Mitchell Golf recently caught up with LPGA Club Repair Technician Paul Boehmer, all-around great tech, good guy, and hard worker. We wanted to find out what Paul typically does in a week and wondered what stories he had after 20 years in the club repair business.
As the saying goes: “Early to bed, early to rise,” is at least half true for Paul — as he’s usually already at the golf course before it gets light. A typical tour week starts with him getting to a site on the Saturday before the event and getting everything set up to have ready on Sunday. He’ll get to the golf course at 6 o’clock in the morning. He then sets up the trailer, cleans it, makes the coffee and is ready for business at 7 a.m.
As Paul likes to say, he only works half days: 12 hours is half of 24, right?
His van is his pride and joy, and what a van it is. From sanding machines and bending machines to grip tape and shafts, the van is outfitted with all top-of-the-line repair aids and tools to keep the player’s equipment at peak performance during events. Repair aids, which of course, included custom loft and lie bending iron and putting machines made by Mitchell Golf (extremely important for what he does), along with a shaft puller and grip guns.
Although there is never a dull moment for Paul, the beginning of the tour year is definitely the craziest. This is when he usually sees between 80 and 100 players a week. And since he hasn’t seen them in a while, he will put in solid 12-hour days trying to get everything (for everyone!) in shape.
Added on top of this is that all manufactures work out of Paul’s trailer instead of bringing their own, so you can imagine it can get a little bit crazy.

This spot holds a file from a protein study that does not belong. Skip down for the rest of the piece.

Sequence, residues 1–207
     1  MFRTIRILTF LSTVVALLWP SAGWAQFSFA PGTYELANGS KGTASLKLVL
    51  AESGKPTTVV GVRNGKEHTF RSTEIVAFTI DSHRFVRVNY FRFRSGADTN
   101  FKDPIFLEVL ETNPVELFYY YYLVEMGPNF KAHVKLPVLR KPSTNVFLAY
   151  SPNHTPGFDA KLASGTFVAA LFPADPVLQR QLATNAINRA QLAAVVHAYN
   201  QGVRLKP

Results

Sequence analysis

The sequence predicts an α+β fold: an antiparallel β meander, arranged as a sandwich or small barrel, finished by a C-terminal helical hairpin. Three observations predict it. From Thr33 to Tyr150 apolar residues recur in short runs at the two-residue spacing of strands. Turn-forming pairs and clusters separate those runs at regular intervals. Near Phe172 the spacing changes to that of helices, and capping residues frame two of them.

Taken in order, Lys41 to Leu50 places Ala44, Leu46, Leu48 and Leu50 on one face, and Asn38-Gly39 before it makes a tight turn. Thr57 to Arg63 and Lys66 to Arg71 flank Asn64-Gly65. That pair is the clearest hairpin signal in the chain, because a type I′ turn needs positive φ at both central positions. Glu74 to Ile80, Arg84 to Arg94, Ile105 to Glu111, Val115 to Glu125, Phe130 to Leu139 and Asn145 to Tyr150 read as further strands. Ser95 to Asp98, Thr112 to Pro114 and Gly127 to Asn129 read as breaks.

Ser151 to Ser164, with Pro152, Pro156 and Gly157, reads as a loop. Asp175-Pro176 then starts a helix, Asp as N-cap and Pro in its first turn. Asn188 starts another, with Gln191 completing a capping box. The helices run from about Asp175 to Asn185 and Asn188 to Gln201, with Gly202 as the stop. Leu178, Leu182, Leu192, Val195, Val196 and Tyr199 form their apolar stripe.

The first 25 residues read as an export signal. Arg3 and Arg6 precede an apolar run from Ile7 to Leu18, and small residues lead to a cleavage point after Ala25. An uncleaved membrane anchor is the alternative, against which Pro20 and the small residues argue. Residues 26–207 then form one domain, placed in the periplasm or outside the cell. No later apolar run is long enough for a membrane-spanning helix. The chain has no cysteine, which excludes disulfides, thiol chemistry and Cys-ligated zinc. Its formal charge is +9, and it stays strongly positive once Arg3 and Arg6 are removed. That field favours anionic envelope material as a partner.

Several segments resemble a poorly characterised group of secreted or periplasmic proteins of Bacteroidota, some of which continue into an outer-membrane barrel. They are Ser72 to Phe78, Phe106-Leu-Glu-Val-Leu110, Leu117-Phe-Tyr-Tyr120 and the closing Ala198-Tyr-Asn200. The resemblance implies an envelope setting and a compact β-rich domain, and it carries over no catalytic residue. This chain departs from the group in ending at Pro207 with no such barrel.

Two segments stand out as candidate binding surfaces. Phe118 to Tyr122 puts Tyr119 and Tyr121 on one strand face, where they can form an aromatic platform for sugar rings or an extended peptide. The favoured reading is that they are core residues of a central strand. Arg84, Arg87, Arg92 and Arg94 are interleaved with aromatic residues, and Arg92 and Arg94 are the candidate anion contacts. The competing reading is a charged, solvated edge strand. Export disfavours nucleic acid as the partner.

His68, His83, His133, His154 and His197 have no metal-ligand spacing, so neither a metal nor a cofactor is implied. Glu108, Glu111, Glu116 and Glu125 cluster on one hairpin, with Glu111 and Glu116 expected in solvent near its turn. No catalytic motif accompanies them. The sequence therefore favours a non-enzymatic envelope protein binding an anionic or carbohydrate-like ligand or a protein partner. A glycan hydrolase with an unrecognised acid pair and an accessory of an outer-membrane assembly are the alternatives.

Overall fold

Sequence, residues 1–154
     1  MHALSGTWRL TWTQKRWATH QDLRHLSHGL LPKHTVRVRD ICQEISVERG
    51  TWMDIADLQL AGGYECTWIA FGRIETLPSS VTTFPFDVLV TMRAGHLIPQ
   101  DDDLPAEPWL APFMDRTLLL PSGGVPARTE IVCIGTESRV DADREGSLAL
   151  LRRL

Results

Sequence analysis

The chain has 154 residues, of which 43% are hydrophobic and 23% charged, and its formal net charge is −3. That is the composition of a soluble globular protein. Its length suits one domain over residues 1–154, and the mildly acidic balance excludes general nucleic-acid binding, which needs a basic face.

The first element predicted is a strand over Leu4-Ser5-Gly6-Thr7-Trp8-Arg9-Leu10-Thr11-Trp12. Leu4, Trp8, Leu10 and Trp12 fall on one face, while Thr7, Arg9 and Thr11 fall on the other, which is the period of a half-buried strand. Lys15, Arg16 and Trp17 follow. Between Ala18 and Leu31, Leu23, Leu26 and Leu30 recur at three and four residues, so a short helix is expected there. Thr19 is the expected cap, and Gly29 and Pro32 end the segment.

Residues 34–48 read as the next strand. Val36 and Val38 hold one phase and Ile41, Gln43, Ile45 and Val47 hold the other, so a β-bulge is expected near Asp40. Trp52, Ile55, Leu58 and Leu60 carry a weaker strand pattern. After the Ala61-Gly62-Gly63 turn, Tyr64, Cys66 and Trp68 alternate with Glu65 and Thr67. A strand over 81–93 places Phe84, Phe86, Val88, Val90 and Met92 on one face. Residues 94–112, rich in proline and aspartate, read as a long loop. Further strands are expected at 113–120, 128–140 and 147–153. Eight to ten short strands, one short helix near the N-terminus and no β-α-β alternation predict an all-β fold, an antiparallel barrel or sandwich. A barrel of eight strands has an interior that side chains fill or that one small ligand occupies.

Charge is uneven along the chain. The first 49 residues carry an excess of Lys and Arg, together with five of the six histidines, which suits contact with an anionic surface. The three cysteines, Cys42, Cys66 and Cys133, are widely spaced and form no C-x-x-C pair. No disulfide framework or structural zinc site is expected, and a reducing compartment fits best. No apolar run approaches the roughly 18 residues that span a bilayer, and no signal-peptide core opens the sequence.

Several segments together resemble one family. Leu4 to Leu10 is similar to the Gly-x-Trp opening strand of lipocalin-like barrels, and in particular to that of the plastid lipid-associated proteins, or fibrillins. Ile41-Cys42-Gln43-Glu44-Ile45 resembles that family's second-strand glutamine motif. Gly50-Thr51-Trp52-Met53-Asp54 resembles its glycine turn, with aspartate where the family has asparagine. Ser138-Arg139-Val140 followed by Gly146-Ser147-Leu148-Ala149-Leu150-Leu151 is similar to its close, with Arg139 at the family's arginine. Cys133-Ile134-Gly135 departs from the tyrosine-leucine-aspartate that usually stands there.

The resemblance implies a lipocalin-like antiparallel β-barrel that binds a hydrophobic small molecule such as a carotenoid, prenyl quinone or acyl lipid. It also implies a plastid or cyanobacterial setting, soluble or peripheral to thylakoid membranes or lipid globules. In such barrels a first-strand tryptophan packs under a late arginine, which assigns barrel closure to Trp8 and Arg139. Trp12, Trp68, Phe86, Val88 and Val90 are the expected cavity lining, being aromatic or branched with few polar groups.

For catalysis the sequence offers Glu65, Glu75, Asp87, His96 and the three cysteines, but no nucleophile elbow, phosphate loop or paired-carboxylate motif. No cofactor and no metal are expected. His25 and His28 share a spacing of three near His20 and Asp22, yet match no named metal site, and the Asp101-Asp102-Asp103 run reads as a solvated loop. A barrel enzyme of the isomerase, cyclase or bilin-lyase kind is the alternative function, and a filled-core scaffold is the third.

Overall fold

Although it is extremely busy for Paul, he doesn’t find it stressful. His years of experience certainly help, but it is also no small point that Paul uses Mitchell golf equipment and has been using it ever since he got in the business in the early ’90s. To him, MG equipment is easy to use and always accurate. “I’ve never worried once about the Mitchell Golf Equipment I use,” states Paul. “It’s great to show up to work without having something else to worry about.”
The accuracy that Mitchell Golf machines provide is extremely important, as players are becoming more tuned into loft and lie adjustments, whether they fully understand the process or not. This is quite a step forward, considering in the old days players could be seen “adjusting” their clubs on a cart path!
As far as the accuracy of Paul’s golf stories, we are going to have to take him at his word. One of his favorites happened back in the day with a professional who was notorious for not hitting a lot of fairway woods. She would tee off with a driver and then immediately turn to her irons. One day this person came into Paul’s trailer (on the day of her first round) and told him that she needed a 1 iron.
This was at a time when nobody was hitting a 1 iron, and hybrids were just beginning to come onto the scene. In a bit of a quandary, the only thing he could think of what to do was take a 2-iron out of his bag, reshaft it, and set it up as a 1 iron.
He gave it to her 20 minutes before her tee time. He assumes she liked it because he never saw that iron again!
“When a player calls me for recommendations on what machines to get, Mitchell Golf immediately falls out of my mouth. Patrick has been awesome to work with, along with everyone at Mitchell Golf. To me, they are not just a company. They are people that I know.”